Later in the day we found ourselves back at the Field stage to catch complete unknowns, Bombino. Within an instant, our reaction was “They’re so cool!” Rocking traditional garb albeit of shiny material, and sporting electric guitars, this was an outfit set to impress. Opening rocky riffs drew an instant crowd to dance along. Singing in their native language, inspite of having no clue what was being said, their music translated with a sense of storytelling that spoke directly to the soul each member of the audience.

Bombino at Falls Festival Marion BayThe easiest way to describe their sound is a kind of a meeting of world music and indie stylings. Band members hail from West Africa, Niger, so it’s desert music that they play with touches of a Reggae feel to their beat. Bombino delivered a consistent energy and tempo throughout their set, holding the crowd in their groove through to the end, with a huge cheer from the audience to thank them for the performance. This is the kind of group I think Ash Grunwald would love to jam with!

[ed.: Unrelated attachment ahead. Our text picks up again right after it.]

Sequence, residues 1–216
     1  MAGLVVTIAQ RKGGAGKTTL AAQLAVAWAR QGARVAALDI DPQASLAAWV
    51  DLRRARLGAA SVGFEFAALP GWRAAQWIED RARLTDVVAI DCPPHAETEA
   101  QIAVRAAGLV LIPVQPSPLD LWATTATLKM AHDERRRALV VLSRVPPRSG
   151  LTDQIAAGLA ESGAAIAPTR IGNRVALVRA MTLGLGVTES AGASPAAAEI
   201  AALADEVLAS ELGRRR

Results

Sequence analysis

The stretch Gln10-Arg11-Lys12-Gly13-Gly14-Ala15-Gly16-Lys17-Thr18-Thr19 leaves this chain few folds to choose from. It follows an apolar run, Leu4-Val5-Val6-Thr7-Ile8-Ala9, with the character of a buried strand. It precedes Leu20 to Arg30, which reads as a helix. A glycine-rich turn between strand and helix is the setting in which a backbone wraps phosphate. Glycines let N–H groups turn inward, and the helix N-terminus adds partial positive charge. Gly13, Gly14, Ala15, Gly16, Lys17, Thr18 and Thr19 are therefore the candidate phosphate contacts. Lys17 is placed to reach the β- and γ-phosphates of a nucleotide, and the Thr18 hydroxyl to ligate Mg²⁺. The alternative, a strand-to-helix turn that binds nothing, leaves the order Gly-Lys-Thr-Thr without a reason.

Emma Louise at Falls Festival Marion BayRecovering from Bombino, we were set put to catch Emma Louise at the Field stage. Having missed a lot locally for the last 18months, I was curious to see just how far from folk Emma Louise had moved. With a heady mix of synth keyboard, acoustic guitar and stripped back drum kit, it was hard to predict just what would arrive. She walked out on stage looking super slick, breathy backing vocals began and she strapped on her acoustic guitar, much to the appreciation of the volminous audience. Stunning, breathy harmonised vocals wafted over the crowd creating a haunting and still opening. She has really matured and grasped the ethereal indie sound that Matt Corby toyed with a few years ago but delivers it with strength, confidence and delicate handling of the style.